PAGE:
Genre: History, nonfiction
Publisher: Pen and Sword
Pub date: 7 January 2021
The Sea Dogs were seafaring merchantmen who originally traded mainly with Holland and France. During Queen Elizabeth’s reign, however, they began to spread their reach, sailing further and further afield exploring and plundering. The main source of wealth quickly became the Caribbean, which, until then, had been predominantly the domain of wealthy Catholic Spain.
The first man to trade with the Spanish Main was John Hawkins, who travelled to West Africa, captured the natives and transported them to the Caribbean. There he sold them to plantation owners in exchange for goods such as pearls, hides and spices. He made three voyages and on the disastrous last he took his cousin, Francis Drake.
The backers, including the Queen, were satisfied with the bounty but encouraged the Sea Dogs to seek greater riches. England at that time was a relatively impoverished country compared with Spain. Elizabeth had inherited a high cost of inflation, poor harvests and a legacy of poverty from Edward VI and Mary Tudor. This was a time of religious tension with King Philip of Spain, whose marriage to Mary Tudor gave him the right to rule England. The rift between the Catholics and Protestants was cooled somewhat by Elizabeth’s keeping the peace between the two countries, despite the continuing campaigns of the privateers crewed by the Sea Dogs.
The main thorn in the Spanish side was Francis Drake. Despite efforts to kill or capture him, he continued to plunder the high seas, bringing back Spanish riches to England. This allowed the Queen to flourish. It was thanks in main to the privateering exploits of the Sea Dogs that England became so wealthy, paving the way for the Renaissance that followed.
I have previously enjoyed reading about Francis Drake and Walter Raleigh so I was very interested in this book to learn more about them and others.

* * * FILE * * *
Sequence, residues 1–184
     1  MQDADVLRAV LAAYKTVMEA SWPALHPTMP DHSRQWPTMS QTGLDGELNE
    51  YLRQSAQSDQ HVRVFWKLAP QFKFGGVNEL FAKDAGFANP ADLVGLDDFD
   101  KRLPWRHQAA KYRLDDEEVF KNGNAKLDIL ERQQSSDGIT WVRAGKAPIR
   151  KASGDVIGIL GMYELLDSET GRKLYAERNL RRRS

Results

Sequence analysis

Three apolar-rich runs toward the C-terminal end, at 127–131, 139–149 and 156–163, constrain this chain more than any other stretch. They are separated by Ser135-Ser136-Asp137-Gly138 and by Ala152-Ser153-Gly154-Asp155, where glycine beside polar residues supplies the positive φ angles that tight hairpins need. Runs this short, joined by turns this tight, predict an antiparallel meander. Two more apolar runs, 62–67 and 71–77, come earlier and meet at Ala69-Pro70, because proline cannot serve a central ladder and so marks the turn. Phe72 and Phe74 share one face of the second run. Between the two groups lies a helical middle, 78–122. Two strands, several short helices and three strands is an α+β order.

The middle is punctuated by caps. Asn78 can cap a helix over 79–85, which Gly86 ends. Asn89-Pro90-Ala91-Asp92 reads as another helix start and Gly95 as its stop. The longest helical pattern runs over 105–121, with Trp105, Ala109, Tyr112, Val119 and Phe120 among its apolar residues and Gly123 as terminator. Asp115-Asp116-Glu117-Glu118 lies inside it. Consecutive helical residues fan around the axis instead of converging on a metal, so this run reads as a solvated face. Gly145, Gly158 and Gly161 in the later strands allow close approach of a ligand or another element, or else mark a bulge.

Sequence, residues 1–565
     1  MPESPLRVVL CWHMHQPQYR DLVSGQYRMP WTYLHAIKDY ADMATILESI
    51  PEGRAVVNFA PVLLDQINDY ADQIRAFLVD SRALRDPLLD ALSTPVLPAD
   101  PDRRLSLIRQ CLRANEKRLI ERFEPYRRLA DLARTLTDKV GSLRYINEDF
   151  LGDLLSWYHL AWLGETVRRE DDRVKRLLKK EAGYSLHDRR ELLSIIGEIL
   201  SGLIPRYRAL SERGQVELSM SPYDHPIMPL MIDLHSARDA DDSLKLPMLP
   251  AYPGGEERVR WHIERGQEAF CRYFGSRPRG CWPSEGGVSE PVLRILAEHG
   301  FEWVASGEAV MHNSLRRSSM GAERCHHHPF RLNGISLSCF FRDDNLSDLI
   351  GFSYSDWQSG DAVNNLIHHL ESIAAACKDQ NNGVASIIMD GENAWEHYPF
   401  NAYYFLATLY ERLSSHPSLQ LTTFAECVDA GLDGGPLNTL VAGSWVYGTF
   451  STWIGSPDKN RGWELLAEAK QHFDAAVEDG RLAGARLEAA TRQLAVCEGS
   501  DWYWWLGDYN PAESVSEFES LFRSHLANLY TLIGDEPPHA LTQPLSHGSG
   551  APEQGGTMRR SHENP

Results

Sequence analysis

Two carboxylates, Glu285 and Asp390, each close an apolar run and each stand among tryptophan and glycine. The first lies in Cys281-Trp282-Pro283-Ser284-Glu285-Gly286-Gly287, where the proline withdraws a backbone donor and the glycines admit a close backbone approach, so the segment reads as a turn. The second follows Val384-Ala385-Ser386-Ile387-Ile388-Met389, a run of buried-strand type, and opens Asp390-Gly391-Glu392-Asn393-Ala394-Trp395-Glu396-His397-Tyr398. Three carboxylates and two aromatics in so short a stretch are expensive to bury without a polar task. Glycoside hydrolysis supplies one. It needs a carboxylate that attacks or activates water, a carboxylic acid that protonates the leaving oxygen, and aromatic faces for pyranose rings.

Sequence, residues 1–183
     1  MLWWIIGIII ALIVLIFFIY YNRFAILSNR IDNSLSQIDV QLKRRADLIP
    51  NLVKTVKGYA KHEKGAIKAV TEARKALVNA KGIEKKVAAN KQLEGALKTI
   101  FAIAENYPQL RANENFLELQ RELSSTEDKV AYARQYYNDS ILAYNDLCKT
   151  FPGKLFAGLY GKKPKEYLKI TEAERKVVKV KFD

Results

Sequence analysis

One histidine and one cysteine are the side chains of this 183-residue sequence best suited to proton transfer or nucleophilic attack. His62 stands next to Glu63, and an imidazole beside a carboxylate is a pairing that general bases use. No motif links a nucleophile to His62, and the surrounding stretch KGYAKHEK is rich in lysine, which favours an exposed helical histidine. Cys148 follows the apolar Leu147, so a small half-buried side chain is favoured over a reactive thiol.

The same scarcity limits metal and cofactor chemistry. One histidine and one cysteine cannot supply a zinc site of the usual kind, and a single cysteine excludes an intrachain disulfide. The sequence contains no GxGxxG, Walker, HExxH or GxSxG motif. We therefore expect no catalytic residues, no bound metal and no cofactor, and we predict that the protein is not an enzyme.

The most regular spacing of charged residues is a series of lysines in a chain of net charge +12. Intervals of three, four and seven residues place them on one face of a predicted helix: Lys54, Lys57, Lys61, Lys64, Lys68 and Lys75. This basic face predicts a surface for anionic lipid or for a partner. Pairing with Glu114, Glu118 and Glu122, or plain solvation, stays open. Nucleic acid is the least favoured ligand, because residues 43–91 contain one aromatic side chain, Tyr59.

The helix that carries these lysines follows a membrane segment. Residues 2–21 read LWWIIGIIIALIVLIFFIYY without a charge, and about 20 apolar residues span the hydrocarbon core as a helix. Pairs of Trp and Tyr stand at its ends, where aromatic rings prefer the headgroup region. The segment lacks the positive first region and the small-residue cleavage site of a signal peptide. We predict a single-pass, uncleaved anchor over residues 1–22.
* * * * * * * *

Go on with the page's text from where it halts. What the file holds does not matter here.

Best gives a detailed account of those who were known as Elizabeth’s Sea Dogs and their adventures including Drake’s circumvention and Hawkin’s many journeys such as the disastrous San Juan Uno where he almost lost his and his crews lives.
A number of seafarers are detailed including many I was previously unaware of and their expeditions across the seas, battles, discoveries or in one instance, the first man to use blueprints of ships.
Drake was a favourite of Elizabeth and although she denied knowing of his plans she would secretly support and provide finance for his attacks against Spanish ships.
The Armada is explained in great detail from the differences between the English and Spanish ships such as the reason the English ships were faster down to the clothing worn by those involved.
I thoroughly enjoyed diving into the depths of the adventures of these men, their successes and failures and learning why some of them are still well known names today. I have learnt alot, not just about the men involved but also the development of ships, the Royal Navy and why Elizabeth’s Sea Dogs were feared by their enemies.
For anyone with an interest in the Armada, this is fascinating but I would also recommend to anyone with an interest in the Elizabethan era. This book is clearly the result of much research.
The bibliography has provided me with more reading I’ll be adding to my list.
Thank you to NetGalley and Pen and Sword for an advanced copy of this book.